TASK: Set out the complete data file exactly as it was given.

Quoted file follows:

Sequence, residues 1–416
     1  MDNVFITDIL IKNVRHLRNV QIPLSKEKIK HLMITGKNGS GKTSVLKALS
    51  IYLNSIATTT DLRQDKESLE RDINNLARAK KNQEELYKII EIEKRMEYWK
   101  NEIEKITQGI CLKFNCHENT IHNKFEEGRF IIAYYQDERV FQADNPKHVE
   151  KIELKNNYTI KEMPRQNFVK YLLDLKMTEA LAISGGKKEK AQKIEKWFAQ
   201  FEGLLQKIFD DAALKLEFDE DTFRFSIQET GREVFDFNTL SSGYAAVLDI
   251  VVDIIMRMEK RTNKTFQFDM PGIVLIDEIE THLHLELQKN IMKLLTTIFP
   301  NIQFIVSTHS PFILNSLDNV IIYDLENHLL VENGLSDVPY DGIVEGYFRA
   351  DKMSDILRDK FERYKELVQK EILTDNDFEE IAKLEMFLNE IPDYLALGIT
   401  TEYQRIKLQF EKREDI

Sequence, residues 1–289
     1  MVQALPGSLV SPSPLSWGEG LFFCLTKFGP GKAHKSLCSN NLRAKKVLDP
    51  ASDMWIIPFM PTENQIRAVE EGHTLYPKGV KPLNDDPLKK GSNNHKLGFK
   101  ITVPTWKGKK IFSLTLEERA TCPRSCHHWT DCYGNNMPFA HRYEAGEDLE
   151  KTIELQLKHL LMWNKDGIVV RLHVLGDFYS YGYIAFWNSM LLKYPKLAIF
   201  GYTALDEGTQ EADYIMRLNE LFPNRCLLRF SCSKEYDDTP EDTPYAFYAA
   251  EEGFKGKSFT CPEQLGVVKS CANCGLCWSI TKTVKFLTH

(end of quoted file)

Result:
Sequence, residues 1–416
     1  MDNVFITDIL IKNVRHLRNV QIPLSKEKIK HLMITGKNGS GKTSVLKALS
    51  IYLNSIATTT DLRQDKESLE RDINNLARAK KNQEELYKII EIEKRMEYWK
   101  NEIEKITQGI CLKFNCHENT IHNKFEEGRF IIAYYQDERV FQADNPKHVE
   151  KIELKNNYTI KEMPRQNFVK YLLDLKMTEA LAISGGKKEK AQKIEKWFAQ
   201  FEGLLQKIFD DAALKLEFDE DTFRFSIQET GREVFDFNTL SSGYAAVLDI
   251  VVDIIMRMEK RTNKTFQFDM PGIVLIDEIE THLHLELQKN IMKLLTTIFP
   301  NIQFIVSTHS PFILNSLDNV IIYDLENHLL VENGLSDVPY DGIVEGYFRA
   351  DKMSDILRDK FERYKELVQK EILTDNDFEE IAKLEMFLNE IPDYLALGIT
   401  TEYQRIKLQF EKREDI

Sequence, residues 1–289
     1  MVQALPGSLV SPSPLSWGEG LFFCLTKFGP GKAHKSLCSN NLRAKKVLDP
    51  ASDMWIIPFM PTENQIRAVE EGHTLYPKGV KPLNDDPLKK GSNNHKLGFK
   101  ITVPTWKGKK IFSLTLEERA TCPRSCHHWT DCYGNNMPFA HRYEAGEDLE
   151  KTIELQLKHL LMWNKDGIVV RLHVLGDFYS YGYIAFWNSM LLKYPKLAIF
   201  GYTALDEGTQ EADYIMRLNE LFPNRCLLRF SCSKEYDDTP EDTPYAFYAA
   251  EEGFKGKSFT CPEQLGVVKS CANCGLCWSI TKTVKFLTH